Euro-Japanese Archaeological Exchanges from the 19th Century to Today


10月25日2014年 | 1.30-4pm

Tokyo National Museum, Heiseikan Auditorium, 13-9 Ueno Park, Taito-ku, Tokyo, Japan

(Doors open at 13:00; with simultaneous translation)

This Ishibashi Foundation Lecture series bring senior scholars from Europe and Japan together to explore how scholarly and artistic inspirations of Japan and Europe influenced each other since the 19th century to the present day.

Watch the Ishibashi Foundation Lecture 2014


Part 1 – Lecture 1
What the Foreign Specialist William Gowland Saw in the Burial Mounds
Simon Kaner
Head, Centre for Archaeology and Heritage, Sainsbury Institute


Part 1 – Lecture 2
Molecular Archaeology: Investigating Diet, Food and Cuisine from Stonehenge to the Jōmon?
Oliver Craig
BioArCh, Department of Archaeology, University of York


Part 2 – Discussion
Moderator: Shirai Katsuya, Chief Curator of Archaeology, Curatorial Research Department, Tokyo National Museum

Programme

Lecture 1 | 1.30-2.10pm
What the Foreign Specialist William Gowland Saw in the Burial Mounds
Simon Kaner
Head, Centre for Archaeology and Heritage, Sainsbury Institute

Abstract

Lecture 2 | 2.10-2.50pm
Molecular Archaeology: Investigating Diet, Food and Cuisine from Stonehenge to the Jōmon?
Oliver Craig
BioArCh, Department of Archaeology, University of York

Abstract

Panel Discussion ‘Euro-Japanese archaeological exchanges’ | 3.00-4.00pm
Moderator: Shirai Katsuya, Chief Curator of Archaeology, Curatorial Research Department, Tokyo National Museum

About the Lecture Series

The Sainsbury Institute is delighted to present the Second Ishibashi Foundation Lecture Series in Tokyo this October, sponsored by the Ishibashi Foundation and co-organised by Tokyo National Museum. Senior scholars from Europe will share their research with the Japanese audience and illustrate the current status of Japanese archaeology and cultural heritage studies in Europe and also how Japanese art and antiquities are studied and displayed in European museums. Lectures will be given in English and simultaneously translated into Japanese. This Lecture Series aim to offer new perspectives in the studies of Japanese arts and cultures and contribute to the promotion of scholarly and artistic exchange between Europe and Japan.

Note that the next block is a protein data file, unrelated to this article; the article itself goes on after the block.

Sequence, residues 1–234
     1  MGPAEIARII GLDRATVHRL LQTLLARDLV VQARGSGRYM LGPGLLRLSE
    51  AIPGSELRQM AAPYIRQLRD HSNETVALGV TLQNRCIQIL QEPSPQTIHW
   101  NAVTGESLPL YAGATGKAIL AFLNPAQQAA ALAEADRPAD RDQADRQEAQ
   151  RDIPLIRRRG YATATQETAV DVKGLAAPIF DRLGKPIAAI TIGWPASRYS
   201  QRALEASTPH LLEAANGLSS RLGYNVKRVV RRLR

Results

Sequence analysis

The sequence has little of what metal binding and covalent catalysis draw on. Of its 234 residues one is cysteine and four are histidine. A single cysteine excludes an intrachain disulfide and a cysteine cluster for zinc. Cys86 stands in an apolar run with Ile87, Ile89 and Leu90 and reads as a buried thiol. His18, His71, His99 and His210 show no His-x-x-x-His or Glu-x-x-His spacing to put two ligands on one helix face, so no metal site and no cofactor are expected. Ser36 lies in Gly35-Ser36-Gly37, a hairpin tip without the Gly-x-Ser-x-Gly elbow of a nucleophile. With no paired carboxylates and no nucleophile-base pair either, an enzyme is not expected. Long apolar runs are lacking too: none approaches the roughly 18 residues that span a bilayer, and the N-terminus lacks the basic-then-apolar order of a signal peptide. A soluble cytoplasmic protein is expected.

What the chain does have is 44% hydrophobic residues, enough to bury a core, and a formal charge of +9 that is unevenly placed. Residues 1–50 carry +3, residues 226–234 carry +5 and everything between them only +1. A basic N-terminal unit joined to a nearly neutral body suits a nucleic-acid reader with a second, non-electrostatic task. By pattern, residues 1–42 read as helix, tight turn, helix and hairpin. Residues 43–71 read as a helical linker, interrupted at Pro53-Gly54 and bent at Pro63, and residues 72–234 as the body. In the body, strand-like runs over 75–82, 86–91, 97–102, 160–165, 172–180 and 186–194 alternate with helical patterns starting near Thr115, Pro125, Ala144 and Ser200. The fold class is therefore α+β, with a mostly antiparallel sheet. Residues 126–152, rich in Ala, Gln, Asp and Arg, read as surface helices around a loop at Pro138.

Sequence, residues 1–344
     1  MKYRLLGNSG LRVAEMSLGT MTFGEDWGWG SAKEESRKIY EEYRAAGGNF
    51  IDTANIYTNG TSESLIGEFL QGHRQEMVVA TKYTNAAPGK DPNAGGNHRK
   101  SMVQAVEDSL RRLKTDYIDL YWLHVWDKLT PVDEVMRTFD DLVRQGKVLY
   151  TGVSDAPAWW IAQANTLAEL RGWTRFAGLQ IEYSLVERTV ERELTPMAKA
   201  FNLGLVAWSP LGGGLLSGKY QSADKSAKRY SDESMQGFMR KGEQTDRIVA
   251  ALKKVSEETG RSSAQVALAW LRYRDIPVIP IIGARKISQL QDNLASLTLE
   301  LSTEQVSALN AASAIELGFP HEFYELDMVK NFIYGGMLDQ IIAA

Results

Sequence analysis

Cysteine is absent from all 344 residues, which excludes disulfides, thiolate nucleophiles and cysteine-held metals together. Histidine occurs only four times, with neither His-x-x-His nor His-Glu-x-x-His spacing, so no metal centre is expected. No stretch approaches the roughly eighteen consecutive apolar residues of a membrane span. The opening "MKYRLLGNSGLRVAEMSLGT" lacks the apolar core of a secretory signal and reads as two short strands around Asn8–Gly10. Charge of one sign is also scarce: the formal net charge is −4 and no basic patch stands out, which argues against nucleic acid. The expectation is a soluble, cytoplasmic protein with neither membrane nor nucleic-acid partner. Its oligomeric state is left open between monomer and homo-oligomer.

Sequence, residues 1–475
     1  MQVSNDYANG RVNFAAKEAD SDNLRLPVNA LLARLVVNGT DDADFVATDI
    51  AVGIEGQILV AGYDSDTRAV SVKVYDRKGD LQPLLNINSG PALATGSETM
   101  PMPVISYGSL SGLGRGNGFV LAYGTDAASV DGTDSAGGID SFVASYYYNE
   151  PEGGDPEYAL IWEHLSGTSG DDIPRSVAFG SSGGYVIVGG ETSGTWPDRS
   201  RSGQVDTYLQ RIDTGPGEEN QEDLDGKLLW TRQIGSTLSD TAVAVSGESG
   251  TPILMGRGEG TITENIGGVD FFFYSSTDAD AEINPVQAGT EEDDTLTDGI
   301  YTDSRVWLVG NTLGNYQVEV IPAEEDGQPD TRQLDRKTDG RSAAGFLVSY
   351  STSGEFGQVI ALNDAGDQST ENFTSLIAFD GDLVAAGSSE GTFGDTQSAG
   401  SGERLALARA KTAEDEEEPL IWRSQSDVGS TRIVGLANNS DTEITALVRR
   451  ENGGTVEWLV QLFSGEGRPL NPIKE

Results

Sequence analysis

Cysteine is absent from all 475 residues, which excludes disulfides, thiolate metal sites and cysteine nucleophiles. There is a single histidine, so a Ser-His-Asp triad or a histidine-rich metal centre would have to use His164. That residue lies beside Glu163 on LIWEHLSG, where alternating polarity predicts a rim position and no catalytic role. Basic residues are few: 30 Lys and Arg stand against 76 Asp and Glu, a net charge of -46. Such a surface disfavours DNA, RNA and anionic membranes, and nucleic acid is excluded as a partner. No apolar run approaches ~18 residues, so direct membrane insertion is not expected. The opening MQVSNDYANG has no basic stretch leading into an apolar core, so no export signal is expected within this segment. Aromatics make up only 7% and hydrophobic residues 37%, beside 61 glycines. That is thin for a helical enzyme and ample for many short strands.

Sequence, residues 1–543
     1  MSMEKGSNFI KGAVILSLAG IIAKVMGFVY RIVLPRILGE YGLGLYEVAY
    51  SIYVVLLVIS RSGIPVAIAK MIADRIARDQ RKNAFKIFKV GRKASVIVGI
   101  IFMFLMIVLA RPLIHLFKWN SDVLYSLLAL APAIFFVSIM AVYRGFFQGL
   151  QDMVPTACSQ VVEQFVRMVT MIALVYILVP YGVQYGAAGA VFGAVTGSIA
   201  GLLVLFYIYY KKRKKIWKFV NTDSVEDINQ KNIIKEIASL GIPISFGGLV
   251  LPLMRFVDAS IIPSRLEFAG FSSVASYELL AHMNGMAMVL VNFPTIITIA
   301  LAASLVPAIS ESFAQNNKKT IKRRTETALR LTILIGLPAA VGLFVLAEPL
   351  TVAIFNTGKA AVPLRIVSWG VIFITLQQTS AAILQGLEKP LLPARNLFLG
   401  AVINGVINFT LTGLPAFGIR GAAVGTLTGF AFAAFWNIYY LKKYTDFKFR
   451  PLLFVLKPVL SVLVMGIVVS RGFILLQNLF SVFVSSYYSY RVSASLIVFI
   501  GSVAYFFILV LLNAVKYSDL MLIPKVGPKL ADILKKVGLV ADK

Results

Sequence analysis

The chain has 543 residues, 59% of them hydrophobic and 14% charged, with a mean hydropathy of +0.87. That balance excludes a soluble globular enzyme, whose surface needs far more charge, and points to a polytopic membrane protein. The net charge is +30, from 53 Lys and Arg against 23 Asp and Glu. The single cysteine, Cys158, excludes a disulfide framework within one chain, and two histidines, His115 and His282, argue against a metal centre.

Poster

Information

Admission to the event is free. Please note that a ticket is required to enter the museum on the day. Seats will be allocated on a first-come, first-served basis (250 places available).

For more information, contact:
Email: [email protected]
Tel: +44 (0)1603-597510 | Fax: +44 (0)1603-625011

For other enquiries, contact:
Tokyo National Museum
Tel: 03-5777-8600 (recorded message)

Organisers
Sainsbury Institute for the Study of Japanese Arts and Cultures
Tokyo National Museum

Earthenware flame pot, Japan, c. 3000 BC.. Nagaoka Municipal Science Museum, Niigata Prefecture, Japan

Watch the Ishibashi Foundation Lecture 2013

Speakers:

Professor Paul Greenhalgh

Director, Sainsbury Centre for Visual Arts (video: begins at 4.11 mark)

Professor Nicole Coolidge Rousmaniere

Research Director, Sainsbury Institute; Curator, The British Museum (video: begins at 58.22 mark)

Moderator:

Professor Osano Shigetoshi

Dean, Faculty of Letters and Graduate School of the Humanities and Sociology, University of Tokyo

Presentation slide notes and credits
Credits (Nicole Rousmaniere’s presentation slides)

Slides 1 (far right), 13 and 41 (left): Jomon period ‘flame’ and ‘crown’ pots excavated from Iwanohara site and exhibited at the British Museum, Nagaoka Municipal Science Museum.

Slides 1 (far left), 36, 38, 39, 40 and 41 (right): Hosono Hitomi; Large feather leaves bowl, Hosono Hitomi, 2013. Bisque porcelain. 2013,3010.1. Presented by the Art Fund. © The Trustees of the British Museum.

Slides 33, 34 and 35: Maeta Akihiro

Erratum: White porcelain pot by Maeta Akihiro shown in slide 35 is not owned by the British Museum.